40 students, and 7 had 101-150 students. Of the remaining 6 programs, 4 had between 151 and 200 students and two had over 200. The adminis trators of the 6 larger schools reported a wide range in the enroll ment of their programs, depending on time of year and local considera tions. The numbers reported above reflect an average enrollment over a period of time. All of the administrators questioned noted that they strongly believed the programs should be small in order to increase the individual attention to the student and to create an atmosphere of belonging and caring. The principals of the two large programs, over 200 students each, stated that the programs were too large and should be reduced by the creation of another alternative program for disruptive students in the school district. They urged that, if alternative pro grams for disruptive students were to be successful, the programs would have to be primarily concerned with identifying student needs and meeting those needs in a direct and personal way. They emphasized that limiting the size of the programs (smallness) was essential. The administrators were asked how they grouped their students for instruction, whether by strict grade level or by the educational needs of the students. Seven (33%) responded that they grouped strictiy by grade level, whereas three (14%) did not recognize grade levels at all and grouped strictly by the educational needs of the students as deter mined by an Individual Educational Plan (IEP). The remaining 11 programs (52%) used a combination of grade structure and individual educational needs. Two-thirds of the programs emphasized the specific educational needs of the individual students. In all of the 21 schools homogeneous groupings for instruction were used. The administrators were asked if they provided instruction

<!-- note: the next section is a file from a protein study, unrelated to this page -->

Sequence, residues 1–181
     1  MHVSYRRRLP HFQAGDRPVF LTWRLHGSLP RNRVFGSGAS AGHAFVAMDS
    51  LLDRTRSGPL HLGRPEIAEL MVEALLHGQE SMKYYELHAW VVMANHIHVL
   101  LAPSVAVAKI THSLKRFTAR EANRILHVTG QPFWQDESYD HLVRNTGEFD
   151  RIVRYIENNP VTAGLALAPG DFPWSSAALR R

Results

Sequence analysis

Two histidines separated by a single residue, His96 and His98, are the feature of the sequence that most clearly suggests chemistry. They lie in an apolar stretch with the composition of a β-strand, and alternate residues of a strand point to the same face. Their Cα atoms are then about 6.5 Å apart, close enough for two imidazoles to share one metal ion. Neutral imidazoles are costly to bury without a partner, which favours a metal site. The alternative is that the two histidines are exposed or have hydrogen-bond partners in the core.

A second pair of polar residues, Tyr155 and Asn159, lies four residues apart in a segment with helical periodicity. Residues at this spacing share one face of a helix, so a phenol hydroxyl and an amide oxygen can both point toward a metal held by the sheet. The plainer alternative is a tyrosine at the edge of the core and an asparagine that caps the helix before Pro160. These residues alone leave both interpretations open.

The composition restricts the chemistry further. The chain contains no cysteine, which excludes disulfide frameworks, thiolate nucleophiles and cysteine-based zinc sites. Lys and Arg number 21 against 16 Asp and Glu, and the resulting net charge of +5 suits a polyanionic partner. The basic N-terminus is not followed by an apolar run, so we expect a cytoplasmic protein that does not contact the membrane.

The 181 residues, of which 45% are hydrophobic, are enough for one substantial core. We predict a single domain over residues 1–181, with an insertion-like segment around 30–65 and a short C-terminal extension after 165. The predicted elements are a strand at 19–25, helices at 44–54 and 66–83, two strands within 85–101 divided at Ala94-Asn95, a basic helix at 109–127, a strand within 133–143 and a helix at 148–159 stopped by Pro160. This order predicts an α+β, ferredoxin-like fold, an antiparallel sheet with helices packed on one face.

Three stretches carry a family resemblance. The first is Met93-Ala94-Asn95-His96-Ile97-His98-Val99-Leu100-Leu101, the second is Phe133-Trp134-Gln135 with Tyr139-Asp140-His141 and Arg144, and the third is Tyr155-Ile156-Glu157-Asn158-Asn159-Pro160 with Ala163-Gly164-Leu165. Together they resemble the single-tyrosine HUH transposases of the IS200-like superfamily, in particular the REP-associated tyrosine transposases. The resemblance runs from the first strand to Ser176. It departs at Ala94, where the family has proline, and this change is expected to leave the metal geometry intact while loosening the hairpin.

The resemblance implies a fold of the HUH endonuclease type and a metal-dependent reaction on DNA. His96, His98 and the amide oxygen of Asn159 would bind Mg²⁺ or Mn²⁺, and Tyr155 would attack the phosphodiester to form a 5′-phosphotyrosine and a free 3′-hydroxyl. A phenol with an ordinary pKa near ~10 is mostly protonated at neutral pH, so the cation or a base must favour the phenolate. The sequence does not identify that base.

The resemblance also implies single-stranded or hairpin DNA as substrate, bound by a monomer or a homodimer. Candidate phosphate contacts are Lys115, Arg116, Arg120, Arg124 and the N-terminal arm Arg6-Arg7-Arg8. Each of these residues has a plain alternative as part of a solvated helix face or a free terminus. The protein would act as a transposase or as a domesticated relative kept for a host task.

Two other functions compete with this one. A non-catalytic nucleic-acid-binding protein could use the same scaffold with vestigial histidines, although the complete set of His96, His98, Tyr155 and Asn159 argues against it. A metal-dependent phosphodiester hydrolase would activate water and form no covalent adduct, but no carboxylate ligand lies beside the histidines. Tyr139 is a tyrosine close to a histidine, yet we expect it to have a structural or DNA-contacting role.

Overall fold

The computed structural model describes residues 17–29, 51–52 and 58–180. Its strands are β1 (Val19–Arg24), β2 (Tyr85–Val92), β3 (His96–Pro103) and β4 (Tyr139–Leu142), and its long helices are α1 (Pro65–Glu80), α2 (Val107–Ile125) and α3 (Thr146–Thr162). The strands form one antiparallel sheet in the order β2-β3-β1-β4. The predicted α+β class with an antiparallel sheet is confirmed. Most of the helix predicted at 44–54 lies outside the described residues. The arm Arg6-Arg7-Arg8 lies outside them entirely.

PAGE 47

41 at the basic level for below-level students. All 21 responded posi tively. When asked whether they also provided instruction for the regular, or average, student, again all 21 responded positively. How ever, only 4 (19%) reported that they provided instruction at the ad vanced level for above-average students. The implication was t ha t there were not enough above-average students enrolled in alternative pro grams for disruptive students to warrant separate classes. All of the admin i strators stated that their programs were coeducational. The writer also investigated for the 20 programs extending through grade 12 the procedures required for students to graduate if they were eligible by district standards to receive a d i ploma. Five administra tors reported that students who earned a diploma would graduate at the high school they would have been attending Ten stated that they would hold their own graduation ceremony for students earning a diploma. The remaining five administrators indicated that the student had a choice either to return to the regular high school for the graduation ceremony or to receive the diploma at the graduation exercise at the alternative school. Curricula Offered A major purpose of the investigation was to review the curricula of the various alternative programs for disruptive students. Obviously, the size of the school was one of the most important factors in deter mining the depth and breadth of the curriculum offered. The larger the school, the easier it was to have a sufficient number of students to offer a class. The other major factor in determining the curriculum was

PAGE 48